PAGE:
Santa Cruz Valley Regional Hospital has settled a lawsuit filed last year by a group of doctors that claimed they were owed more than $1.5 million.
The terms of the settlement agreement are confidential and neither side is permitted to discuss them, said Glenn Hotchkiss, who represented the plaintiffs, Global Hospitalist Solutions.
Patrick Feeney, the managing director of the company that owns the hospital, Lateral Investment Management, also declined to discuss the settlement. He would only say exciting things are going on at the hospital that "speak pretty loudly in terms of the direction" it is going.
"But in terms of the lawsuit itself, and how they should read into that, etc., I'm not at liberty to say anything on that matter. Lots of good things going on at the hospital not related to this GHS lawsuit, unfortunately no comment due to the settlement," Feeney said.
Global Hospitalist Solutions had a contract with the hospital to provide doctors for the hospital floor, ICU and Emergency Department. The company filed a lawsuit against the hospital in December claiming Santa Cruz Valley Regional Hospital had failed to pay invoices in the amount of $1,521,406. According to the lawsuit, when the unpaid invoices were brought up, the hospital announced it was terminating its contract. GHS stopped services Dec. 31, a month before its contract ended.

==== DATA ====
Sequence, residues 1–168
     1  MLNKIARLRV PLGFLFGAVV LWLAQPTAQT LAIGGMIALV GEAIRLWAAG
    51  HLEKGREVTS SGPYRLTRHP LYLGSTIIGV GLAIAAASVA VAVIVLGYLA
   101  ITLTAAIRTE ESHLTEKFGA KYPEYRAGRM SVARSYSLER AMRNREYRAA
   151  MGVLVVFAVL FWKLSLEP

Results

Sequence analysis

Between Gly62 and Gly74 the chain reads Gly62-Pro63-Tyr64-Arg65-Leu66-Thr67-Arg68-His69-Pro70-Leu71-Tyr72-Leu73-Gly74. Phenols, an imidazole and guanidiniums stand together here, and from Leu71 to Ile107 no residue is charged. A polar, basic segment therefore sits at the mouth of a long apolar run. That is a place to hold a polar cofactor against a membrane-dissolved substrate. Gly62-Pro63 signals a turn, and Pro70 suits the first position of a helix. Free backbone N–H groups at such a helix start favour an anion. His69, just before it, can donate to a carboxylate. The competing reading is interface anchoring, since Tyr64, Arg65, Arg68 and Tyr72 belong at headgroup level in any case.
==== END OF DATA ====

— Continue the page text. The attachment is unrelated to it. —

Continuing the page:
Although GHS said the hospital never raised issues about the quality of services it provided, the hospital filed a counter claim saying it did have concerns about GHS’ performance. The hospital further alleged it was often unable to bill patients because at least five GHS physicians and three mid-level providers were not enrolled as contracted physicians with Medicare and other specific third-party payers. Moreover, the hospital said GHS left 355 patient files incomplete and unsigned from Nov. 1 through Dec. 31, again making it impossible to bill patients.
The GHS lawsuit came five months after the hospital emerged from bankruptcy and changed its name from Green Valley Hospital.
Shortly after the lawsuit was filed, several past and current hospital employees contacted the Green Valley News claiming the hospital was in dire financial straits again.
The hospital exited from bankruptcy in July 2018, but medical professionals and others associated with the hospital said it continued to suffer from immense financial problems that have unpaid vendors at the door, supplies running low or out, and patient care was suffering.
Hospital CEO Kelly Adams said the hospital fell behind because the hospital switched to a new electronic medical records system in November, which resulted in bills being processed late and a slowdown in revenue. Since then, Adams said the hospital has made great strides in getting caught up and is working to add specialists to the hospital roster so patients don't have to travel to Tucson for care.